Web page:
Citibank, HSBC, JPMorgan Chase, RBS and UBS will collectively pay $1.4 billion to the U.S. Commodity Futures Trading Commission and about$1.75 billion to the U.K.’s Financial Conduct Authority. UBS will also make a payment in Switzerland. In addition, the U.S. Office of the Comptroller of the Currency said Bank of America, Citibank and JPMorgan Chase will pay a combined $950 in penalties.
Smash the Man
In January 2014, in the midst of the NSA scandal, President Obama decided that the NSA must divulge any undisclosed flaws in Internet security that they were aware of. This means if the NSA is aware of software stack bugs like the recently discovered Heartbleed bug, they must publicly acknowledge the bug. But detractors have noted that a major loophole exists in the policy as stated by Obama
During an era of public outcry against government corruption, the Supreme Court conservatives strike down limits on campaign contributions
Yesterday, the Supreme Court continued to ignore the voice of U.S. citizens, striking down a decades-old cap on the total amount any individual can contribute to federal candidates. The justices said in a 5-4 vote that Americans have a right to give the legal maximum to candidates for Congress and president. According to the Supreme Court, caps on campaign contributions restrict a person’s First Amendment free speech rights.
It’s a dog-eat-dog world out there but in a country where the government was designed to be representative of the people, the little dogs in the U.S. are still finding themselves at a huge disadvantage. The Center for Responsive Politics has just completed their analysis of financial data disclosed by US Congress members and has found that more than half of the members of US Congress are now millionaires. At least 268 of the 530 members of the House of Representatives and the Senate had an average net worth of $1 million or more in 2012.
Texas teen has “affluenza” – wealthy 16-year-old with priors gets probation after killing four in drunk driving crash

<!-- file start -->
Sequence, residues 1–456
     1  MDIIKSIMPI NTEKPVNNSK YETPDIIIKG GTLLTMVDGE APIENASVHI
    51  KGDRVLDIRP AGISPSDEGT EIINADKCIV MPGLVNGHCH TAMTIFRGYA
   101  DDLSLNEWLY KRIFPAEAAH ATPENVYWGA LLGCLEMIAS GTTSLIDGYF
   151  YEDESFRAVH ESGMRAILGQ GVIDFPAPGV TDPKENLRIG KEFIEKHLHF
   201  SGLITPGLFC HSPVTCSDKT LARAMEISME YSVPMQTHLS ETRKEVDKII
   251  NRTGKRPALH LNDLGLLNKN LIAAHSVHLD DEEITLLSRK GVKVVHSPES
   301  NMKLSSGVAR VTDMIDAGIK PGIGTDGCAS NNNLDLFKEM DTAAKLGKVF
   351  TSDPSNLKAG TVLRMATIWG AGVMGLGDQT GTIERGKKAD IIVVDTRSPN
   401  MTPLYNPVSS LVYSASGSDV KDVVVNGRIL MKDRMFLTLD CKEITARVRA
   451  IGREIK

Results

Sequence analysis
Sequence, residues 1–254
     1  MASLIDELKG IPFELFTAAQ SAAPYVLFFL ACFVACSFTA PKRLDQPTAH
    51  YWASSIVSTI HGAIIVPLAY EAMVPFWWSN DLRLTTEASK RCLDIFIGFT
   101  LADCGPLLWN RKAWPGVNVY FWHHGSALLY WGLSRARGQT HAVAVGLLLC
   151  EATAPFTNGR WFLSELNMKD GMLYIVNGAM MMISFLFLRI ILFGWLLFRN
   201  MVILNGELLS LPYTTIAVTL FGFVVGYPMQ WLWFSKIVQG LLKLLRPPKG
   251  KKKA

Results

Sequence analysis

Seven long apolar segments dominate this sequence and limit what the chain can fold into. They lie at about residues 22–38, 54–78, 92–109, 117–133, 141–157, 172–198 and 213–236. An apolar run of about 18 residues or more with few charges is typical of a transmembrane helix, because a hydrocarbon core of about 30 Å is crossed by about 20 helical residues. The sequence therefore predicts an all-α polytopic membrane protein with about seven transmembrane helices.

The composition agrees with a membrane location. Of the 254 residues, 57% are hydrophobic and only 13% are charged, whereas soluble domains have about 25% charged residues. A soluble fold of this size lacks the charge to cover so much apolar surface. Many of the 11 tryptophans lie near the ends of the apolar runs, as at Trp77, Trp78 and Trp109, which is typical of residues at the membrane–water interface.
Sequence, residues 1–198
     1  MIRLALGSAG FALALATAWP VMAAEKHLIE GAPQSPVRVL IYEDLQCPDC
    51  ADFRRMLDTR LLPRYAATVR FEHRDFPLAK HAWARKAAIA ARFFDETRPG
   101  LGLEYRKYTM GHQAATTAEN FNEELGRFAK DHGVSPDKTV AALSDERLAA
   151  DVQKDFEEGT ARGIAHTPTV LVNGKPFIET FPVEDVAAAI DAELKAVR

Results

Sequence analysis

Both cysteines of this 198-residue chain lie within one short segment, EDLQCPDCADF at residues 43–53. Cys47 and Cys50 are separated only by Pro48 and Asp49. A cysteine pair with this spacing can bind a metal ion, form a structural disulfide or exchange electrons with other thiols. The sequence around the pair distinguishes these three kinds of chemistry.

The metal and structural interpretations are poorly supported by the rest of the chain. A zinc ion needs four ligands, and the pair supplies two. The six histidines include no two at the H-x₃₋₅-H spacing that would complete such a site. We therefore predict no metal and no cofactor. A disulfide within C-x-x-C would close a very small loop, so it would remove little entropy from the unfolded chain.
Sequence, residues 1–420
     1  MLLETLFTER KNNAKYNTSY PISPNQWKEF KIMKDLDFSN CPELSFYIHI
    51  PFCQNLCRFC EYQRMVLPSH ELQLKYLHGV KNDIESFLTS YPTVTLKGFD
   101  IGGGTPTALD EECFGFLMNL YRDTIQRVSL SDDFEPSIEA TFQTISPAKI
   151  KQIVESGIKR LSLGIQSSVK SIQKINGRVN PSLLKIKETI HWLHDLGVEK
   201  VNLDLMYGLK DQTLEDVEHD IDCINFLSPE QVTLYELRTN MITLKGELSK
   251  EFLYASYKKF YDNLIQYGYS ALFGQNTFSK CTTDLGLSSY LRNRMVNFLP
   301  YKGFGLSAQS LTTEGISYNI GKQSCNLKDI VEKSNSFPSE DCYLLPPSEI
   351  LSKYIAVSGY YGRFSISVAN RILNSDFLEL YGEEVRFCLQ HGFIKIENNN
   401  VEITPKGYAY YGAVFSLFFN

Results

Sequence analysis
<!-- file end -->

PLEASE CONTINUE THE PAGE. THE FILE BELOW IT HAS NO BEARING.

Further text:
North Texas residents were stunned today after State District Judge Jean Boyd sentenced an affluent 16-year-old teenager, who killed four pedestrians while driving drunk, to probation, despite the fact that the teen had already been charged with two alcohol-related offenses before he turned 16. The inebriated teen drove an estimated 70 MPH in a 40 MPH when he struck and killed four people, including three good Samaritans who were helping a disabled motorist. Two teens thrown from the truck suffered severe head injuries but recovered. Couch’s blood alcohol level tested at .24, three times the .08 legal limit.
Nearly 100% of the global Internet traffic is dependent upon deep-sea networks of fiber-optic cables that cover the ocean floor. As much as ¾ of the international communications between the Middle East and Europe are carried by two undersea cables: SeaMeWe-4 (which stands for South East Asia Middle East West Europe) and FLAG Telecom’s FLAG Europe-Asia cable. On January 30, 2008, both of these cables were cut, severely disrupting Internet and telephone traffic from India to Egypt. A few days later, on February 1, 2008, another undersea cable was cut in the Persian Gulf and two days after that, on February 3, 2008, another Middle East cable was cut. On February 4, 2008, a report was issued indicating two more cables had been cut. Five high-speed submarine communication cables had been cut which caused disruptions and slowdowns for users in the Middle East and India. And nobody was sure how or why the cables were cut.
On Wednesday, April 18, at approximately 16:00 Eastern Time, U.S. Federal authorities removed a server from a colocation facility shared by Riseup Networks and May First/People Link in New York City. The seized server was operated by the European Counter Network (“ECN”), the oldest independent internet service provider in Europe, who, among many other things, provided an anonymous remailer service, Mixmaster, that was the target of an FBI investigation into the bomb threats against the University of Pittsburgh.
The documents claim that Hector Xavier Monsegur (known as “Sabu” in Anonymous circles) acted as the rooter and assisted the groups in gaining unauthorized access to the systems by identifying vulnerabilities and providing infrastructure support (servers and routers) which could be used to launch the attacks. Whether the “infrastructure support” mentioned in the documents was unauthorized use of his company’s hardware or simply acting as a LIOC client/agent or Tor exit node is not specified. Strangely, the indictment does specifically mention that the group supported Wikileaks and its founder, Julian Assange.
ACTA, short for Anti-Counterfeiting Trade Agreement, is a treaty for the purpose of defining the standards for the enforcement of intellectual property rights. Its intent is to establish a legal framework within which all countries can operate to enforce intellectual property rights.